NEW YORK, Feb. 28 (Xinhua) -- The U.S. stocks closed lower on Thursday, giving up all the early gains despite generally upbeat economic data, but still ended February in positive territory.
The Dow Jones Industrial Average lost 20.88 points, or 0.15 percent, to 14,054.49. The Standard & Poor's 500-stock Index inched down 1.31 points, or 0.09 percent, to 1,514.68. The Nasdaq Composite Index dipped 2.07 points, or 0.07 percent, to 3,160.19.
For the month, the Dow gained 1.4 percent, the S&P 500 edged up 1.1 percent, and the Nasdaq advanced 0.6 percent.
The main stock indices responded positively to encouraging economic data released on Thursday after the opening bell.
Real gross domestic product of the United States increased at an annual rate of 0.1 percent in the fourth quarter of 2012, according to the second estimate released on Thursday by the Commerce Department. However, the upwardly-revised reading still fell short of market expectations.
The number of Americans filing initial jobless claims last week stood at 344,000, down 22,000 from the previous week's revised figure, the U.S. Labor Department said on Thursday. The four-week moving average was 355,000, a decrease of 6,750 from the previous week.
The Chicago Purchasing Manager Index in February rose for a second month, up 1.2 points to 56.8, the highest level since last March, according to the ISM-Chicago Business Survey released on Thursday. The index beat analysts' estimates.
The so-called sequester, or across-the-board automatic spending cuts for the U.S. federal government, is set to take effect on March 1. Though it is widely seen as a headwind for the world's largest economy, investors didn't seem much bothered.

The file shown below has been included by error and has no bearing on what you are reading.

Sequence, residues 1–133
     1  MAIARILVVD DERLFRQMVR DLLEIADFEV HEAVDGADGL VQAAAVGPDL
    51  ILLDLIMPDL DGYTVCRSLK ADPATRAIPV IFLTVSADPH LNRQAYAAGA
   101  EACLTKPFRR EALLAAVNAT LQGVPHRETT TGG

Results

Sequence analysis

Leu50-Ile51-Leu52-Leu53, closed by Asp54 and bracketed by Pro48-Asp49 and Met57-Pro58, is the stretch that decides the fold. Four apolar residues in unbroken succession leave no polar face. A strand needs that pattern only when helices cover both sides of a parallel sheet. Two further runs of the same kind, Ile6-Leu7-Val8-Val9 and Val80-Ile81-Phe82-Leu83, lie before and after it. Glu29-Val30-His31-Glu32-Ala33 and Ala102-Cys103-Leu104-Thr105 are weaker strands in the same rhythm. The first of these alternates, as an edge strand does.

"On the one hand, the sequester totaling 85 billion dollars is really a small part compared to the huge federal spending. On the other hand, the market recognizes that the U.S. government and Congress tend to make a compromise in the last minute just as they did in the fiscal negotiations in December," Joseph C. Greco, managing director-trading & sales of Meridian Equity Partners based in New York, told Xinhua Thursday on the phone.
Wall Street tumbled all of a sudden in the last half hour of the Thursday session, while the Dow was just about 40 points from its record high.
Greco said that he was sure the stock market would go through all-time highs in the near term before an 8-to-10 percent correction.
In corporate news, J.C. Penney shares plunged 16.97 percent to 17.57 dollars. The department store reported massive losses for its fiscal fourth quarter after Wednesday's closing bell.
Shares of Groupon also plummeted 24.28 percent to 4.53 dollars, one day after the Internet information provider posted disappointing fourth-quarter earnings.
Gap shares rose in after-hours trading as the apparel store chain posted better-than-expected earnings after the closing bell.
In the past two days, the main stock indices moved closer to their all-time highs, as U.S. Federal Reserve Chairman Ben Bernanke reaffirmed in his two-day Capitol Hill testimony that the central bank's massive bond-purchasing programs were needed to boost a still-weak economy, and have helped create jobs for average Americans.
The U.S. dollar advanced against most major currencies on Thursday, bolstered by the positive economic data.
Light, sweet crude for April delivery lost 71 cents, or 0.77 percent, to settle at 92.05 dollars a barrel on the New York Mercantile Exchange on Thursday. Brent crude for April delivery also decreased 49 cents, or 0.4 percent, to close at 111.38 dollars a barrel.
Gold future for April delivery on the COMEX division of the New York Mercantile Exchange on Thursday lost 17.6 dollars, or 1.1 percent, to settle at 1,578.1 dollars per ounce mainly due to the stronger dollar.